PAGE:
Photographing Yellowstone National Park

Established in 1872, Yellowstone is the first national park in the US, and in the world. The park is known for its geothermal features and wildlife. Millions of visitors come to this park to see geysers, hot springs, mud pots etc. Spanning an area of over three thousands square miles, it's the 8th largest national park in US. In this article, I'm going to walk you through major areas of the park so can plan accordingly to enjoy the most of the park with limited time. 


If you plan to fly into this area like we do, the closest airport is Bozeman Yellowstone International Airport in Bozeman MT. It's a small airport but we were able to find direct flights from San Francisco. The airport also has car rental services by major rental companies. The airport is only one and half an hour away from Yellowstone's north entrance. There is a small town called Gardiner almost next to the north entrance providing abundant lodging options. If you plan to enter from other entrances, National Park Services has a web page where you can find GPS coordinates of them.  

Best Time to Visit

Although photography-wise there isn't really a best season to visit any place because each place has its own unique characteristics in different seasons, you do want to give some additional thoughts on this given the popularity and extreme weathers of the park. As you can see from the average low/high temperature chart below, Winter is the least pleasant season to visit the park. In the summer, the weather is good but it's also the peak season so lodging fills up quickly and the park is very crowded. Spring and Fall are the two better seasons to visit the park. I also highly recommend late September since all the roads will still be open before Yellowstone enters into the Winter season but the crowds will be much much smaller.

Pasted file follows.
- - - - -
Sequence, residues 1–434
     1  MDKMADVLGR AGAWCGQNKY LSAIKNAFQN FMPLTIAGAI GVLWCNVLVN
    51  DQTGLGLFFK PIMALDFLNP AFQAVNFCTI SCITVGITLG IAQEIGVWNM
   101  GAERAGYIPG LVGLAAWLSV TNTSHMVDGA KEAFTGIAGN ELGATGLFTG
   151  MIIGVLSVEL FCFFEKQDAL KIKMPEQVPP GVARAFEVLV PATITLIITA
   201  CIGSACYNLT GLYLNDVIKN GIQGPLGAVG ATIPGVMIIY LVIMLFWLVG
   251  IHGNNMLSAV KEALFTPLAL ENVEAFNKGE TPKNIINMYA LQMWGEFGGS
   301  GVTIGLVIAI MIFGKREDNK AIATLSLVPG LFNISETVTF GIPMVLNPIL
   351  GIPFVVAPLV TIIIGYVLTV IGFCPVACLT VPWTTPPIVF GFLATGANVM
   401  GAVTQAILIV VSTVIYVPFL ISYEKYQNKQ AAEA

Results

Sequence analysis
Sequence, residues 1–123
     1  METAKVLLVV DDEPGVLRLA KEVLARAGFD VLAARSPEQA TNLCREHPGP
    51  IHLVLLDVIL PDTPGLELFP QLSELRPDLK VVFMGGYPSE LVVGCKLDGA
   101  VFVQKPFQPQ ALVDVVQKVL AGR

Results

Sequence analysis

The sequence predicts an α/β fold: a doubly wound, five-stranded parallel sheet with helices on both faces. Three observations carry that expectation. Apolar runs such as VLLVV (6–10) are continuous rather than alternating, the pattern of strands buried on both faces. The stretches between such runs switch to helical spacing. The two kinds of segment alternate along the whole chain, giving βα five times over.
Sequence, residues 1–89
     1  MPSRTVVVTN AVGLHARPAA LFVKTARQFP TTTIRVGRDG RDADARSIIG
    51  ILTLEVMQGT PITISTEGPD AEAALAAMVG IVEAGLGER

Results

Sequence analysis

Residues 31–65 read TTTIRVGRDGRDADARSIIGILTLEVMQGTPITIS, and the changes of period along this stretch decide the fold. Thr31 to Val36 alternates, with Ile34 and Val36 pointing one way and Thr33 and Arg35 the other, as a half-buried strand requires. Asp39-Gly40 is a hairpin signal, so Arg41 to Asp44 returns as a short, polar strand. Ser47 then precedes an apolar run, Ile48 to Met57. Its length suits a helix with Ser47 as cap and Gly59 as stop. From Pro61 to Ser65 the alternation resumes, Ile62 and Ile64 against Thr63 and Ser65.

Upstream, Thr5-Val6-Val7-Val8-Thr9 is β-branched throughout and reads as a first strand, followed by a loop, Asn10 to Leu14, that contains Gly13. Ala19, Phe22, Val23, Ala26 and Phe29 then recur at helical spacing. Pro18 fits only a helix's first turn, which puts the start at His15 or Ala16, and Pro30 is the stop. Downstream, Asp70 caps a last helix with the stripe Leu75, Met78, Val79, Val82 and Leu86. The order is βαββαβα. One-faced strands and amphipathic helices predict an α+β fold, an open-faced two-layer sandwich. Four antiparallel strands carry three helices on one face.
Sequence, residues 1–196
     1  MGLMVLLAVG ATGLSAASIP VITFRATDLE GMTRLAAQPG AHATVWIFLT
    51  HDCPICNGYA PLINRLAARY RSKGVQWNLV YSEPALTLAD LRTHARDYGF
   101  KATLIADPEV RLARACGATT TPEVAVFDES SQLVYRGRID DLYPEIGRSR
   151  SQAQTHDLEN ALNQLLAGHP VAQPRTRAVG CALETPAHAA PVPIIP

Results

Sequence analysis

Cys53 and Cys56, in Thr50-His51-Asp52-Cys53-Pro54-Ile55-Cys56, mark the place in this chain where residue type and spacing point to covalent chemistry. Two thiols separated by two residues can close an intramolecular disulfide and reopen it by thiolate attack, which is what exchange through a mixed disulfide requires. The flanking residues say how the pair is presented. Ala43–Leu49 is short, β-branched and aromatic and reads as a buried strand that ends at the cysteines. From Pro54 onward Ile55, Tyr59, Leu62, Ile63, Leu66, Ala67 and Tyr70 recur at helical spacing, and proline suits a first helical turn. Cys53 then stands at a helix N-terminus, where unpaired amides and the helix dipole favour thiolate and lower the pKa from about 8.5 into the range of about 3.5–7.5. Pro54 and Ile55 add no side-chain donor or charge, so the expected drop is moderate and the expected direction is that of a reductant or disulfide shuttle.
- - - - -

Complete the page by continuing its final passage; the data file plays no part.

Since Yellowstone has so much to offer, it's not surprising that you will need a wide range of focal length to cover various scenes. In this article, I talked about the equipments we use in general. 

While visiting Yellowstone, I used both Canon 6D and Canon 7D Mark II.  I used 6D to photograph all thermal features such as geyser, spring, pools etc, as well as other landscape scenes. 7D was only use for wildlife shoots so I can get extra reach. 

For lens, I used mostly Canon EF 16–35mm f/2.8L III and Canon EF 24-105mm f/4L IS. For wildlife, I used Canon EF 100-400mm f/4.5-5.6L IS II

Additionally, filters are really really useful in shooting springs and pools. You can use a polarizer filter to reduce the light reflections from the pools and springs, and to saturate the colors. I always put on a B+W polarizer (77mm and 82mm) in front of my lens during the day shooting time. A graduated neutral density filter would be very useful too considering that a lot of time you would like to include sky in the frame with a thermal feature in the foreground. For this, I use the Lee filter system. I like the Lee filer system better than the screw-on versions made by B+W because I can adjust the height of the filters in any direction, providing much better flexibility. You can buy a set of them which comes in three filters providing 1-stop, 2-stop, and 3-stop darkening capabilities. I used to hear from other photographers that you can produce similar results in photoshop or Adobe Raw. However, that definitely has its limitations if part of your photo is over-exposed or under-exposed too much. I prefer to produce a photo that's as well-balanced as possible so I have more options in post-processing.

Major Areas

Despite of being one of the largest national parks, the park is very easy to navigate with a car and most of the famous springs and geysers can be easily accessed via paved or boardwalk trails.

1. Mammoth Hot Spring

Road to Mammoth Hot Spring